Theater students to participate in Martin Luther King Jr. Day programming

GVL / Courtesy - GVSU Theatre program 
Twilight: Los Angeles, 1992 performed in the fall of 2015

GVL / Courtesy – GVSU Theatre program Twilight: Los Angeles, 1992 performed in the fall of 2015

Marissa LaPorte

Offering multiple perspectives and reactions of well-known and unknown individuals alike to the acquittal of four Los Angeles police officers charged with assaulting Rodney King, excerpts from the theatrical performance “Twilight Los Angeles: 1992” are returning to Grand Valley State University. Free showings of this production are being held in honor of Martin Luther King Jr. and his efforts.

Michael Mueller, director of “Twilight Los Angeles: 1992,” said that this production acts as a good starting point for further discussion regarding police brutality, racism and how the reactions to events that occurred in 1992 compare to modern day reactions to similar events.

“(‘Twilight Los Angeles: 1992’) touches on a lot of the current issues that are going on in the country,” Mueller said. “(The production) provides students with real accounts of individuals who have been either on the fringe or directly involved in the events that are similar to contemporary events.”

Excerpts from “Twilight Los Angeles: 1992” will be shown on Jan. 18 from 10 a.m. until 11:30 a.m. and from 2:30 p.m. until 4 p.m. in Kirkhof Center Room 2263. “Twilight Los Angeles: 1992” was performed in its entirety last semester, but these free showings will be chosen excerpts from the production, acting as a breakout session in correlation with GVSU’s Martin Luther King Jr. Day activities.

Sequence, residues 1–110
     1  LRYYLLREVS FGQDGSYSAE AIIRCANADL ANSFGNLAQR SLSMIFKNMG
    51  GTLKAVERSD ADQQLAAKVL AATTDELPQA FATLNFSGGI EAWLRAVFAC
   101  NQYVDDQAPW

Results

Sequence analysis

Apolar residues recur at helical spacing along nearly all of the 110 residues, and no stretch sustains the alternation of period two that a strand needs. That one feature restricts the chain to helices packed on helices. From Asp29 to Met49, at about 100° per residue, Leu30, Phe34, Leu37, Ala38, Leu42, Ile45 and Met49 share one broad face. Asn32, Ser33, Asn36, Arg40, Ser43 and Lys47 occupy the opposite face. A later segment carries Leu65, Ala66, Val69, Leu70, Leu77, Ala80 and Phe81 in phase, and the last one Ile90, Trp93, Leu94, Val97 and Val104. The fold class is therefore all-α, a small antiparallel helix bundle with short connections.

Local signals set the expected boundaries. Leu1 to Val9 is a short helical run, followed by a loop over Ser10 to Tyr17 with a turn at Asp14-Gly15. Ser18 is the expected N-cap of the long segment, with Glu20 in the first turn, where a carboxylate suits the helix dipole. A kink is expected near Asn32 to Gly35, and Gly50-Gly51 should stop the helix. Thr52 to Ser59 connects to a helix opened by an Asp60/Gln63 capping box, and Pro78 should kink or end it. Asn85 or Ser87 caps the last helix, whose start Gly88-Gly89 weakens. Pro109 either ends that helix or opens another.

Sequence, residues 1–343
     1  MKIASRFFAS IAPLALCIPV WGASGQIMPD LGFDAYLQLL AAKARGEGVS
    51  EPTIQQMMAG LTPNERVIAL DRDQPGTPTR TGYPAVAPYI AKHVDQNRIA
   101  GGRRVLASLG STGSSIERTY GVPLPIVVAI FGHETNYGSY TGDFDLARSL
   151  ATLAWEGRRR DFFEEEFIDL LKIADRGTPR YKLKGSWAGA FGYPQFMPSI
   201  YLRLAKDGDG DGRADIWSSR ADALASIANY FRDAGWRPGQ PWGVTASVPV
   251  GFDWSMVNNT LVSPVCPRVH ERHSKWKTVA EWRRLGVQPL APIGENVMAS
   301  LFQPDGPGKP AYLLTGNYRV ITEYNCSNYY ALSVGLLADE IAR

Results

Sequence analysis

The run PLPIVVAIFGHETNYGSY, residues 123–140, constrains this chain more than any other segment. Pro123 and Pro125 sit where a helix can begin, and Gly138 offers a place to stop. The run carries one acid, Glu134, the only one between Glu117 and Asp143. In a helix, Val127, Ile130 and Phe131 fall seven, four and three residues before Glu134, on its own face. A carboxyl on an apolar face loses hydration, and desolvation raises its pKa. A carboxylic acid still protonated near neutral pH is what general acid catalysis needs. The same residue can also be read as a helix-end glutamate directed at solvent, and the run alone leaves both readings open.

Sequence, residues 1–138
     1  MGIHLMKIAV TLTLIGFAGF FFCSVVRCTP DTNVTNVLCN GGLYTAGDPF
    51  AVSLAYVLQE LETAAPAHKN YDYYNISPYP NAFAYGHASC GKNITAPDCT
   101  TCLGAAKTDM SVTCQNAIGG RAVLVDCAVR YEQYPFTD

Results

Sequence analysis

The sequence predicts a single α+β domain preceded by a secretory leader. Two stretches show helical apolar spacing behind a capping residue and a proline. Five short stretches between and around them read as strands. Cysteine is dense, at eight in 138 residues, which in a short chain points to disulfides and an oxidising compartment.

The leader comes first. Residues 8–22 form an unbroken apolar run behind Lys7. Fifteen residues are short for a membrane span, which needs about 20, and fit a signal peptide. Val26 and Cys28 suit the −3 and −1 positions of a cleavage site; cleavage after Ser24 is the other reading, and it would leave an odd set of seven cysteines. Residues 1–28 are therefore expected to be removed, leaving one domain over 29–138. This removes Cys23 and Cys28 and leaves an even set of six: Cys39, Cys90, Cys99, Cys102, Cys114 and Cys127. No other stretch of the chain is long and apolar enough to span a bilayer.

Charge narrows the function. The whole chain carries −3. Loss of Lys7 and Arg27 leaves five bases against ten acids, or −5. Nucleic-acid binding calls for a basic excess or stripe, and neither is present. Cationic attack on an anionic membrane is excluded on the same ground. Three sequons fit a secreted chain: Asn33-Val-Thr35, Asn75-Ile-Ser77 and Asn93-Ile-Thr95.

Bobby J. Springer, associate director of GVSU’s Office of Multicultural Affairs, worked with Mueller to include showings of “Twilight Los Angeles: 1992” as a part of the Martin Luther King Jr. Day programming.

“We’re still dealing with some of the same situations many years later and I think this will remind people that we still have work to be done when it comes to everybody getting along, working together and making these communities the best place for everyone,” Springer said. “‘Twilight Los Angeles’ will remind us that some of these things are still happening and we have to do a better job.”

Mueller said that the performance of “Twilight Los Angeles: 1992” challenges definitions of ethnicity and gender because the student actors take on the roles of individuals of different genders and ethnicities than their own. The audience is then challenged to focus on the message being presented more than who is speaking.

“(’Twilight Los Angeles’) communicates that there is a natural, inherit prejudice that people have that sometimes goes unnoticed,” Mueller said. “It indirectly highlights micro-aggressions that can be shared with good intentions, but unfortunately with negative consequence. It has been great to see the (student actors) tackle their own pre-conceived notions and get over stereotypes and find ways to empathize with individuals who are outside of who (the students) would normally associate with.”

Regarding Martin Luther King Jr.’s message, Springer said that as a community and a society we have to work together, live together and get along together as well as get to know one another, rather than making judgements based on what someone looks like.

“We have to communicate with one another when situations are difficult,” Springer said. “We can’t just react. Sometimes you have to go deeper to get the meaning of a situation. Sometimes we look at things from the surface and we see things that may not be true, but if we take time to learn more about that situation, we find out (the truth).”

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